Here is a simple card trick.
Take a deck of cards. Squeeze them down on a flat surface. Break it in half. Leave the bottom half on the table. Now look at the card and set the deck back together. For the trick, push the side of the top half of the deck.
It should slide at the break and reveal your card.
This is also how you can find your page if you accident my close a book. It works quite often.
I believe this is part of the force holding the phone books together...
I set up a simple experiment to test the question if there are more forces at work than static friction. The experiment was one notebook, the clamping notebook, sat along the edge of a table and another notebook, hanging notebook, hung from it by a sheet sandwiched near the bottom of the clamp. The clamp was secured by its spiral using some pens and tape.
I can go over the physics, if you like, but I had calculated it would take the whole weight of the clamping notebook to hold the hanging notebook in place. It turned out to be much less, only 20/78 of a notebook. There appeared to be a force equal to that of static friction (assuming a standard coefficient of static friction for paper) that was unaccounted for.
I think what best explains this is whatever explains the anecdote of the card trick. There must be some kind of air pressure missing from the air being squeezed out between the pages.
I noticed it a great deal in the experiment, the first time the hanging notebook slipped out there was 16 pages pressing down on it. It stood stationary a few seconds before falling. Lower amounts of pages also held but only for a few seconds. It had a consistent delay, even when only one sheet and the cover clamped on it, very little weight, after pressing down there was a several second delay (while air was drawn in) before the notebook slipped outright.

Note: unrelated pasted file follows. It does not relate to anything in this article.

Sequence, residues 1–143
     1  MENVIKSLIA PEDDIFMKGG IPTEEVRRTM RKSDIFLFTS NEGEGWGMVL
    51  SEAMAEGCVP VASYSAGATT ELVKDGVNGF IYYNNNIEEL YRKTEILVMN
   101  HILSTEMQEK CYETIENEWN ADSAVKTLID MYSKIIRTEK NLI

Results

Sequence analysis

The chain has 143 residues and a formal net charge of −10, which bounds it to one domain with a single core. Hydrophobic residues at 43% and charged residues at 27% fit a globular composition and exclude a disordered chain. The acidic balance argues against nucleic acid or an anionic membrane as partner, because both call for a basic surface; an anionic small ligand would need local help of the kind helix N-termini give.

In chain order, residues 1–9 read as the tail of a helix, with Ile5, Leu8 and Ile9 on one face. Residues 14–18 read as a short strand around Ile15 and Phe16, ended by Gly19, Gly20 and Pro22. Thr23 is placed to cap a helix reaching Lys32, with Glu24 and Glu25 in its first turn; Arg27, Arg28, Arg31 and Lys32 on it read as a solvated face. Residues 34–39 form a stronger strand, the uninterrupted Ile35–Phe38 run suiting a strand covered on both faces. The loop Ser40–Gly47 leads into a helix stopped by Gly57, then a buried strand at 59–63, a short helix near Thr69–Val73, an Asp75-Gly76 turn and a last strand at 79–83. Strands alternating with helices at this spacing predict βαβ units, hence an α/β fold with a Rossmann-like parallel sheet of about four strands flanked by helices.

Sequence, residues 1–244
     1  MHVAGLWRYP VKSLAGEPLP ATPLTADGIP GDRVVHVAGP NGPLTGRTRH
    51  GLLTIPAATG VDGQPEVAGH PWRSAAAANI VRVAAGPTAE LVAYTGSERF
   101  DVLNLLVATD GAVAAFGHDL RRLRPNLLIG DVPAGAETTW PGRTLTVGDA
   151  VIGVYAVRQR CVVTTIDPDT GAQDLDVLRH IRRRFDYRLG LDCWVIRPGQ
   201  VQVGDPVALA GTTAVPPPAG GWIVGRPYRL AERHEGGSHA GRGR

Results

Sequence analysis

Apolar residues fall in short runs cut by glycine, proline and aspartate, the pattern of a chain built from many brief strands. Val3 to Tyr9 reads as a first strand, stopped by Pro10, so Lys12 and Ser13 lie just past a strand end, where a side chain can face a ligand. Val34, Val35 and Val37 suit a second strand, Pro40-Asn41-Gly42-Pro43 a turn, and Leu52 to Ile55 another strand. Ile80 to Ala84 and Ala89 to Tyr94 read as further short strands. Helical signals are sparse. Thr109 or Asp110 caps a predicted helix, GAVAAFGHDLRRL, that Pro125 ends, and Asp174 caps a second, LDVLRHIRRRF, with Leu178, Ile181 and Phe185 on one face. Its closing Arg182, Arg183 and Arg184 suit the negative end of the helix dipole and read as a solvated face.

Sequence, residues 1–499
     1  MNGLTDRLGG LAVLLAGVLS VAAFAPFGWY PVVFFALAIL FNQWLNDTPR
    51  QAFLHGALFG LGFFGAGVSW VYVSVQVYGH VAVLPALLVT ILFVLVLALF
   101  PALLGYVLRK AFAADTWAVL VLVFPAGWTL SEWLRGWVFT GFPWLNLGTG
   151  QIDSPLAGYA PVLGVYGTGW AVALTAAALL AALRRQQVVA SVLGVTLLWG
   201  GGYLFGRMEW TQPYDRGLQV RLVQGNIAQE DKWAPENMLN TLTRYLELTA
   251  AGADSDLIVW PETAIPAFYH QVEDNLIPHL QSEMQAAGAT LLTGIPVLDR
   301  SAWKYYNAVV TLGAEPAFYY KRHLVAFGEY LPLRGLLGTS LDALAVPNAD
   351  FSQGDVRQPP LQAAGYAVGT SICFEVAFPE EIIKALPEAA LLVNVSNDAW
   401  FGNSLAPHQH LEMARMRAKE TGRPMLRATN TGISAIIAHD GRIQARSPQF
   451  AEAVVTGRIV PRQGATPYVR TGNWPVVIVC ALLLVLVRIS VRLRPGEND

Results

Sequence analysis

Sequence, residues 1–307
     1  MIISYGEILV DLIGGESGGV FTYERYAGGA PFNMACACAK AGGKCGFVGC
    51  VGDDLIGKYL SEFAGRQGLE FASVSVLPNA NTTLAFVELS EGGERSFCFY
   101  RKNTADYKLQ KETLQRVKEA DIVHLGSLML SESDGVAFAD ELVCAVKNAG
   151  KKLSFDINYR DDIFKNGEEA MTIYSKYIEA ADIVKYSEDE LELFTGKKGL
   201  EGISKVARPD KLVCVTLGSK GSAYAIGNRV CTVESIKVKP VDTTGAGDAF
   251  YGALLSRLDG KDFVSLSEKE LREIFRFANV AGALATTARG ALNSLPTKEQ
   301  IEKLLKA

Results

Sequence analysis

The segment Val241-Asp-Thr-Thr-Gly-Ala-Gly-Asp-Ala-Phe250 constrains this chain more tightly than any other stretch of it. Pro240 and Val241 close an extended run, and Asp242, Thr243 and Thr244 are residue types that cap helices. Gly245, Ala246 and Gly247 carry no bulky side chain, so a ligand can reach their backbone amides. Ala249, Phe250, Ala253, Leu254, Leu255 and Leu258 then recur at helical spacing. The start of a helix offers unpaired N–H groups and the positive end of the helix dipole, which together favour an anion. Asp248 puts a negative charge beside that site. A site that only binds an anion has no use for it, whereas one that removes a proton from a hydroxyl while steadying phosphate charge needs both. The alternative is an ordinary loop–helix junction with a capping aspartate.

EDIT: There seems to be some claim that 1.0 is a reasonable assumption for the coefficient of friction for paper. By looking at several sources online I found the coefficient of friction seemed to be close to 0.55 and used that for my theoretical baseline.
This is important because I calculated a coefficient of friction from my tests of 0.995, so that is why I concluded there was another force at work. Here is one of the sources: http://www.tappi.org/content/tag/sarg/t549.pdf
This seemed to agree with a search, for example Fuji printers says it is between 0.7 and 0.4. An average of 0.55, exactly what I went with.
Again, in my experiment there is no "binding", both literally and figuratively, so there is an additional force, other than static friction, that nearly doubles the holding power.